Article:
The British love affair with chocolate began in London in 1657, when a Frenchman opened the countryâ€™s first chocolate house in Bishopsgate Street in Queenâ€™s Head Alley, advertising â€˜this excellent West India drinkâ€™. Within a few years, more chocolate houses sprang up to rival the coffee houses that had been in the city since 1650. Early versions of the drink included mixing dried powdered cocoa nibs with hot red wine and/or egg yolks sweetened with sugar. Sometimes sherry or port replaced the wine and the drink was often fortified with a dash of brandy. Later on the drink was made with hot water.
The chocolate houses offered gambling, food and entertainment, but above all, gossip and talk, particularly of business and politics. The most famous chocolate house was Whiteâ€™s, opened by Francis White around 1693, which was recommended in newspapers of the time (including the first issue of The Tatler in 1709) as one of the best amusements in London. Samuel Pepys drank chocolate for the first time in 1662 and must have enjoyed it because his Diary mentions more visits to chocolate houses and he writes several times of â€˜ my morning draft of chocollatteâ€™. The Cocoa â€“Tree, another popular select establishment (although never as fashionable as Whiteâ€™s) became the haunt of Tory politicians and by 1746 had become the semi-official headquarters of the Jacobite party.
Sir Hans Sloane (of Square fame) personal physician to Queen Anne, is credited with using milk instead of water around 1700 to make chocolate, which improved it greatly. However chocolateâ€™s popularity was gradually superseded by the newly fashionable tea and towards the end of the 18th century London’s smartest chocolate houses became private clubs whose membership was strictly limited to high society gentlemen – their revenue now coming from the affluent members rather than the general public. Whiteâ€™s retained its name while The Cocoa-Tree became Garrickâ€™s.
A major turning point for the cocoa and chocolate industry occurred in 1847, when Fry’s of England sold the first solid edible chocolate bar. This was followed in the 1850’s by the reduction of taxes on imported cocoa beans by Prime Minister William Gladstone, but chocolate still remained a luxury; Mrs. Beeton in her famous cookery book instructed that chocolate should be served in an ornamental box placed on a glass plate as part of the dessert. Soon though the price of chocolate fell and was more affordable and became within the reach of a wider section of the population.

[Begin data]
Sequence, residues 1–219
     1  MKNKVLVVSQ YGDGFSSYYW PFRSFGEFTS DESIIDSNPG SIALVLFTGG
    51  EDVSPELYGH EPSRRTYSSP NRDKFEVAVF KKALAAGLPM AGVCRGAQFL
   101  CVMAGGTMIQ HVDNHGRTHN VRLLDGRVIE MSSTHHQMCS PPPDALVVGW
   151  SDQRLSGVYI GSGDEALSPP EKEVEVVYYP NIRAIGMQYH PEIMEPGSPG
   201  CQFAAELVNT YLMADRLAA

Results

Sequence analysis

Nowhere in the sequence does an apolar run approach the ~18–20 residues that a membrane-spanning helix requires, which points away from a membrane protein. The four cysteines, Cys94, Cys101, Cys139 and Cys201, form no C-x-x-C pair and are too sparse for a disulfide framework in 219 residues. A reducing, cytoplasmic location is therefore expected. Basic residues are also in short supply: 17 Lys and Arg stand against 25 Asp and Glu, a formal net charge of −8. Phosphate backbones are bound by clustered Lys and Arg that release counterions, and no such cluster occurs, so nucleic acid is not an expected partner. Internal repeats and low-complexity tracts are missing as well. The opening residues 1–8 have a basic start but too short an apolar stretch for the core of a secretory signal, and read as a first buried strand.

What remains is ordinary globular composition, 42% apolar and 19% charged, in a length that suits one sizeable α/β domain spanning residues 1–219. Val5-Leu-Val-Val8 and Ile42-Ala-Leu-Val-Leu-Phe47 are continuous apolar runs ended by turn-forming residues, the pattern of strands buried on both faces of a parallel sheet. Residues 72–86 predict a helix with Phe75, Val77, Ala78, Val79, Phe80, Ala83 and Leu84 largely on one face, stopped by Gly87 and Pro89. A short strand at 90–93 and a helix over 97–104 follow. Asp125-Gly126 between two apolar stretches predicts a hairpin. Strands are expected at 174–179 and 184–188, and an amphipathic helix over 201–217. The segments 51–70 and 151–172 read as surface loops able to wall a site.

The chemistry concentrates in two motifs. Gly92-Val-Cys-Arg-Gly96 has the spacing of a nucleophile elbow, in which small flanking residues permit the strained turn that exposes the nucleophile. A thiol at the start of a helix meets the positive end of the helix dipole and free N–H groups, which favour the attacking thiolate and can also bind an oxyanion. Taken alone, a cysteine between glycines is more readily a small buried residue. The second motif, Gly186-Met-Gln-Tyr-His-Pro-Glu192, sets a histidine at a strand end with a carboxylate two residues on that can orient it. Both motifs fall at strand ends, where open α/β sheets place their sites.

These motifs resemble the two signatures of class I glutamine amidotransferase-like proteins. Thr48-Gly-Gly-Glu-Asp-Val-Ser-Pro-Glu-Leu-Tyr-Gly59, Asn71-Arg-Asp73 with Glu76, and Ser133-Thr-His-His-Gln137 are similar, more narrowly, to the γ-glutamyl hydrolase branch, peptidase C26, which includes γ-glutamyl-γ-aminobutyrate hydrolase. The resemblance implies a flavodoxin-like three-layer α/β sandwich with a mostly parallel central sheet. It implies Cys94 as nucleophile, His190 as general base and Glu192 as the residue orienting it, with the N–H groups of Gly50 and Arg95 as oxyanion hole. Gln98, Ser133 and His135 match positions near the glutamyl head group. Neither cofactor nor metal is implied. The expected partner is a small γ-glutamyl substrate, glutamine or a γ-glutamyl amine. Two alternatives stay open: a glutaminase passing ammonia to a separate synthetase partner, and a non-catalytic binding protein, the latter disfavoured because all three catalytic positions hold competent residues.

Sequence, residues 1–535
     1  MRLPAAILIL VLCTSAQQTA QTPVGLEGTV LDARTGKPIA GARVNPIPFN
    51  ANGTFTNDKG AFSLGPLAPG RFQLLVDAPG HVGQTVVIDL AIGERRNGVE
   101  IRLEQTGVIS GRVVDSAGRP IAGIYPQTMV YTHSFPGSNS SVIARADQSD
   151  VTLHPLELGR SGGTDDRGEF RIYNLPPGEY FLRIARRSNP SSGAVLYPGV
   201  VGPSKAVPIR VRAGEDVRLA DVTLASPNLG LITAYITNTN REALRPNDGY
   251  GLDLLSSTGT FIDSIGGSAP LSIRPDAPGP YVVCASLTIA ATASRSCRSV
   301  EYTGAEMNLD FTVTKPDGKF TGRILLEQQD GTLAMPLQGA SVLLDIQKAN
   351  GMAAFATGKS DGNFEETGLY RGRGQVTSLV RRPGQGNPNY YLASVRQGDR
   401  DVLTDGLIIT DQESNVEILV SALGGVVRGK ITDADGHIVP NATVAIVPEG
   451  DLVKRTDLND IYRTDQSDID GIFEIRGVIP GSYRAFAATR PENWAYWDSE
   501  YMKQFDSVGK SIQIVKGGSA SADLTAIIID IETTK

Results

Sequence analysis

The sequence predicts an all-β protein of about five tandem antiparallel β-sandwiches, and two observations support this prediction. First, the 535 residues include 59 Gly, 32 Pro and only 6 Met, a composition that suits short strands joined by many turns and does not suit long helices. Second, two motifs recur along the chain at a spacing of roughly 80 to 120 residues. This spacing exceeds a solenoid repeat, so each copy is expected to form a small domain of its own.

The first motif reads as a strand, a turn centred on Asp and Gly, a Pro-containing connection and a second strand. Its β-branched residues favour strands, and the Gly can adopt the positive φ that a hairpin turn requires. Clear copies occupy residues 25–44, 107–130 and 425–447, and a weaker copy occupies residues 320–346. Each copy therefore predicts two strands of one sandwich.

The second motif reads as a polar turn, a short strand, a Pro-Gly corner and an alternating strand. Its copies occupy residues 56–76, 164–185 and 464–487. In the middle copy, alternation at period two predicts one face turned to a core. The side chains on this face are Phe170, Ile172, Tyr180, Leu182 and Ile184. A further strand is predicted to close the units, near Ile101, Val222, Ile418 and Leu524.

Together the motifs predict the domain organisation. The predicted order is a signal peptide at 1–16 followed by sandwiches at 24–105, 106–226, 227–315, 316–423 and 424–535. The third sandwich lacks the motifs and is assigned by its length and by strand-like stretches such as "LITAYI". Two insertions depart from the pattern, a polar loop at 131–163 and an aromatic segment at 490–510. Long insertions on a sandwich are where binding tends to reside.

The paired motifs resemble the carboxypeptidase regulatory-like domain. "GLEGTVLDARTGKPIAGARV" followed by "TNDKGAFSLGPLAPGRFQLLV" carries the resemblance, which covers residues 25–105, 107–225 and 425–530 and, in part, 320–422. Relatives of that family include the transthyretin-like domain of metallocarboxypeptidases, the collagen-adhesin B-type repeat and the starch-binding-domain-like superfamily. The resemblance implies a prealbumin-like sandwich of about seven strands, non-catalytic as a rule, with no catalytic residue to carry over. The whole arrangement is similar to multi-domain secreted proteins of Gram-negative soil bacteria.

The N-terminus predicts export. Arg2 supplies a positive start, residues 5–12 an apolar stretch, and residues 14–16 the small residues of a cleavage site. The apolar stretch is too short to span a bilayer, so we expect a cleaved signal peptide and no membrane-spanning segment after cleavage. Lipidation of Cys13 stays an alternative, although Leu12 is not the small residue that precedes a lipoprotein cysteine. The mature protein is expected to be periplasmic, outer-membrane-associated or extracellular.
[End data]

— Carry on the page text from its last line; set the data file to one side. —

Solid chocolate reached an even wider audience when it was issued to troops in the First World War as part of their rations. The King and Queen issued a tin of chocolates to the fighting men as a Christmas gift. After the war chocolate manufacture increased to meet the growing demand and many specialist sweet shops sprang up to meet the needs of consumers.Â Sadly many old firms have long since disappeared but there remain two established London chocolate makers still renowned today for their excellent chocolates: Charbonnel et Walker of Bond Street which was started in 1875by Madame Charbonnel, mistress of the Prince of Wales (later King Edward VII) and Bendicks of Mayfair which was started by a Mr. Benson and a Colonel Dickson in 1930, who got together to form a chocolate and pastry confectioners based in Kensington.Â Business was brisk so they soon opened several more shops, including one in Mayfair to meet the growing demand.
It seems we just canâ€™t get enough of chocolate â€“ consumption in Britain now stands at around 9 kg per head – but it is good for us! Good quality chocolate provides a quick source of energy and contains useful amounts of protein and iron, plus the stimulants theobromine and (a little) caffeine. The celebrated gastronome Brillat-Savarin (1755-1826) summed up the benefits of chocolate perfectly:
It has been shown as proof positive that carefully prepared chocolate is as healthful
a food as it is pleasant; that it is nourishing and easily digested…
that it is above all helpful to people who must do a great deal of mental work.
Carol Wilson has been writing for Epicurus.com as our British correspondent and editor since 1997 when she joined our new and growing team shortly after the site was founded. She is a food/cookery writer, cookery consultant, a member of the Guild of Food Writers and restaurant inspector. Carol contributes to a wide variety of publications and websites in the UK, Ireland and USA, e.g. The Illustrated London News, Food and Wine, Gastronomica and of course, Epicurus.com. She has appeared on Swiss/German television discussing British cooking. Always impeccable with her writing, Carol tests recipes for consumer magazines and food companies and also styles food for photography. She is particularly interested in regional recipes and culinary traditions throughout the world and has written various series on traditional cooking for several magazines. An enthusiastic supporter of small traditional food producers, she is a Jury member for the Slow Food Awards.
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